By contrast, we had tens of thousands of people at our Freedom Rally against the Ground Zero Mosque on September 11, 2010:
Nonetheless, we had virtually no mainstream media coverage. Why not? Because the media wanted the mosque built, and didn't want anyone interfering. So the many thousands of us who gathered on that day didn't exist, but these 36 Muslims certainly do exist.
Again: the 36 Muslims said all the right things, all the things that Muslims should have been saying since 9/11 and before that. The story the media is ignoring and hoping you don't notice, however, is that other Muslim groups that are much larger and more mainstream within the Muslim community in the U.S. are not saying these things. They have never said or done anything effective to oppose jihad terror, and in fact have impeded efforts to do so. But the media never, ever deals with that. It continues to treat Hamas-linked CAIR as a neutral civil rights organization, and to vilify those who are fighting to defend freedom against Sharia and Islamic supremacism.
Anyway, the 36 Muslims consisted of the usual suspects. Good heavens, what would the media and the fond, self-deluded folks on the Right do without Zuhdi Jasser? They would have to convert to Islam themselves to provide the "moderate Muslims" they assume exist and upon whom they place so much hope. Jasser is no doubt a capital fellow, but his Islam, unfortunately, is entirely eccentric and unrepresentative of any genuine currents within Islamic tradition or the Muslim community in the U.S. today.
Even worse, also among the group protesting in support of the NYPD was the false "moderate" Tarek Fatah, who exposed himself as an enemy of those who are truly interested in defending human rights against the global jihad and Islamic supremacism when he savaged the courageous freedom fighter Wafa Sultan in a National Post article, in which he accused her of the Muslim Brotherhood-invented crime of "Islamophobia": here. I responded here. And in a recent email exchange, Fatah resorted to rhetoric taken straight from the likes of Hamas-linked CAIR in smearing me and Ali Sina as "medieval hate mongering people, seething with feelings of revenge and wanting a Final Solution of all Muslims." No one who genuinely wants to defend free societies against Sharia and Islamic supremacism could or would resort to such defamation.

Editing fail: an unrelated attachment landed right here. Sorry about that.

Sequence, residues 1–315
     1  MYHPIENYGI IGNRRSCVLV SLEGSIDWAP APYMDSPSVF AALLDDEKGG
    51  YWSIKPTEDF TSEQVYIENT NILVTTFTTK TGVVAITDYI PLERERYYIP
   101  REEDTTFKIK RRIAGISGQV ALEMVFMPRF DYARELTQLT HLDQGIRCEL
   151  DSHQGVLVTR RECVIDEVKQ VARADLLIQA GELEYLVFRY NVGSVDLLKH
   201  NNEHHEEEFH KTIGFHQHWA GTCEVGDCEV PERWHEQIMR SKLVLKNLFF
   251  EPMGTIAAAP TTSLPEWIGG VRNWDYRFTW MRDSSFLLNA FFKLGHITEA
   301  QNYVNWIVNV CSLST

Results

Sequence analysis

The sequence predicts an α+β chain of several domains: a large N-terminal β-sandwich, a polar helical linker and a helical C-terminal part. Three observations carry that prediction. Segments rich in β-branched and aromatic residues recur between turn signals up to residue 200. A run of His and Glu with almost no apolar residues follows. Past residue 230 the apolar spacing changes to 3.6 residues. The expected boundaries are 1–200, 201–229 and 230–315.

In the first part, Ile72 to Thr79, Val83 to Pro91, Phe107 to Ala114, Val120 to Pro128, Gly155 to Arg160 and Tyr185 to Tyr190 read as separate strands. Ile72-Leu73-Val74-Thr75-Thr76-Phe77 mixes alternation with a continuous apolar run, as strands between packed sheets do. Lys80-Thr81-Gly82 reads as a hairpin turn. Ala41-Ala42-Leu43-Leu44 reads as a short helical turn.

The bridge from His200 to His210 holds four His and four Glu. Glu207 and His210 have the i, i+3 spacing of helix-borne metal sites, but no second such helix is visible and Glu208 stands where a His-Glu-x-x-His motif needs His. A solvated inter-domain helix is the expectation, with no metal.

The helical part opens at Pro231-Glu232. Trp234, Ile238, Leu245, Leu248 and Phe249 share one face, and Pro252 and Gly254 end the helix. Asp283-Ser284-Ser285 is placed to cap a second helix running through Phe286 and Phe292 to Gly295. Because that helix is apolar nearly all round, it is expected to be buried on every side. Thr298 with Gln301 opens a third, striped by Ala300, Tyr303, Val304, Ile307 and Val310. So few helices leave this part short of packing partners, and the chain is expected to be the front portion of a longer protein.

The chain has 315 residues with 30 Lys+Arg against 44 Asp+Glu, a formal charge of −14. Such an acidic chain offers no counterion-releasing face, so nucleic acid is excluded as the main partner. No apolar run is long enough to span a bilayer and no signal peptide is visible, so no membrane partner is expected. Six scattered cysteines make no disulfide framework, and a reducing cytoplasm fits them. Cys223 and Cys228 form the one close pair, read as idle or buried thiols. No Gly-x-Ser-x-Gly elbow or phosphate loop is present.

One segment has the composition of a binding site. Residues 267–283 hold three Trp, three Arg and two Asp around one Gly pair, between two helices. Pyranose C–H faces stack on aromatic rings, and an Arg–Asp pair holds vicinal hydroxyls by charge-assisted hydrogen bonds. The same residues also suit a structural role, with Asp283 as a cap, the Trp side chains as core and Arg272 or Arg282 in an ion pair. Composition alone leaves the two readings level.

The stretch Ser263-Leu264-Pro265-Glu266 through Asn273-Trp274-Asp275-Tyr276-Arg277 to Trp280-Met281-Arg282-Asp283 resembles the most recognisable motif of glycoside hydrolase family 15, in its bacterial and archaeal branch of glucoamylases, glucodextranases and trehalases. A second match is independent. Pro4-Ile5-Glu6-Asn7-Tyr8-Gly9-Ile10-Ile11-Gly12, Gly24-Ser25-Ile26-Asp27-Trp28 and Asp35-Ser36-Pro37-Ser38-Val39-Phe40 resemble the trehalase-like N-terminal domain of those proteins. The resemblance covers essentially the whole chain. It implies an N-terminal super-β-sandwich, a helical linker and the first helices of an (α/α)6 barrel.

But anyone who calls himself "moderate" will do as far as the mainstream media is concerned.
"Muslims: Hoo-Ray! Group backs NYPD surveillance effort," by Jessica Simeone for the New York Post, March 6:A group of Muslims yesterday rallied in support of the NYPD’s controversial anti-terror surveillance of area mosques and Islamic social organizations and student groups.
“We stand behind transparency and police work,” said Dr. M. Zuhdi Jasser of the American-Islamic Forum for Democracy outside Police Headquarters in lower Manhattan.
“In no way do we want to be spied on. But this is not about spying; this is about monitoring public programs,” said Jasser, one of three dozen Muslims who gathered to support the NYPD’s surveillance of their brethren.
“If you look at arrests for terrorism, of the last 200 arrests, 80 percent have been from Muslims, and yet we are only 1 1/2 percent of the population,” said Jasser, who narrated a documentary, “The Third Jihad,” about the dangers of radical Islam that the NYPD showed at training centers and later disavowed.
“So it’s rather a denial not to recognize that we have a responsibility to root out the radicalization,’’ he said. “To ignore the problem within our own family is to ask for this kind of surveillance.”...
But critics of the surveillance, noting the small size of yesterday’s gathering, said many more people oppose the program....